Are Coffee Naps the New Power Naps?
Drinking coffee and napping seems oxymoronic, like student teacher or business ethics.
But there’s both scientific and anecdotal evidence that shows combining two of the most pleasurable experiences in a day – coffee and napping – can boost your energy levels, more so than a simple power nap every could.
Here’s a quick snapshot of coffee naps, and why people are drinking the breakfast table staple before catching some midday Z’s.
What is a coffee nap?
No, a coffee nap isn’t curling up with a can of Folgers in bed. It’s simply drinking coffee before sleeping for about 15-20 minutes. Coffee naps are believed to boost energy levels because of caffeine’s relationship with adenosine, the chemical in our body that promotes sleep.
Coffee nap science
How does it all work?
When you feel tired, an abundance of adenosine travels throughout the body. When you finally fall asleep, those adenosine levels start dropping.
Caffeine in coffee goes head-to-head with adenosine for the receptors in your brain. Caffeine doesn’t reduce the amounts of adenosine in the body, but it does prevent it from being received by brain receptors. This makes you feel less drowsy.
Therefore, sleep enhances coffee and caffeine’s effects through the increase of available brain receptors, and is how a coffee nap can increase energy levels far more than either drinking coffee or sleeping alone.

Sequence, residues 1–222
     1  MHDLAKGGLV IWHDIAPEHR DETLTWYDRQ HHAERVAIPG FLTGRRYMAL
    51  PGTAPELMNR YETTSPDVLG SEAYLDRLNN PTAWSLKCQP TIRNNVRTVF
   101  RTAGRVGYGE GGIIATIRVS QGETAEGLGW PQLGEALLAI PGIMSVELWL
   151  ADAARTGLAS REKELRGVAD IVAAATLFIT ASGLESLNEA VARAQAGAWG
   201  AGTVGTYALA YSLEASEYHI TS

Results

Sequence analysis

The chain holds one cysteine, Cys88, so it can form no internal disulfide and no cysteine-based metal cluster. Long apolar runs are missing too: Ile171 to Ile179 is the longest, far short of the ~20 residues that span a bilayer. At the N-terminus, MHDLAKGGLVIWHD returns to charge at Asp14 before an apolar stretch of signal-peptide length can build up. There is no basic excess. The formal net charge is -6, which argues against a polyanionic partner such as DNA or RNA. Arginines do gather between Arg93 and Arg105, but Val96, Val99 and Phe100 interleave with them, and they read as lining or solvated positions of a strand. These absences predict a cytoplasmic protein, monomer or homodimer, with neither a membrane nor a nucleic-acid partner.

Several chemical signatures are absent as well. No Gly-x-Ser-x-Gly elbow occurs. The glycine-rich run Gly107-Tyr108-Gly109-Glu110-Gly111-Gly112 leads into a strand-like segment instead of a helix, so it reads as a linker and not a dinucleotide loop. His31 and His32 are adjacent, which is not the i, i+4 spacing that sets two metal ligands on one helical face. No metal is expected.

There are a number of studies that support this, too. In one study, researchers from Loughborough University in the UK found that people who took a 15-minute coffee nap were less prone to driving errors than those who only drank coffee or took a nap. In a Japanese study, scientists found people who took a coffee nap before taking a bunch of memory tests scored far better than those who just napped.
How to take a coffee nap
A coffee nap is pretty straightforward – all you’ll need is a place to sleep (like a bed or your office cubicle) and a cup of coffee (duh).
First step – drink your coffee (double duh). In theory, you could use another caffeinated beverage, but tea and soda have far less caffeine, and energy drinks taste bad.
Drink the coffee quickly, so your window of sleep is as long as possible, giving your brew time to travel through your gastrointestinal tract and enter the bloodstream. If you can’t chug a hot coffee, consider an espresso or iced variant.
Once you’re done, engage in your preferred napping position. Don’t worry if you can’t fall asleep immediately – even a lazy half-sleep is beneficial to your energy levels.
Finally, and most importantly, be sure to emerge from your slumber within 20 minutes so you’re waking up just as the caffeine is starting to stimulate your brain.
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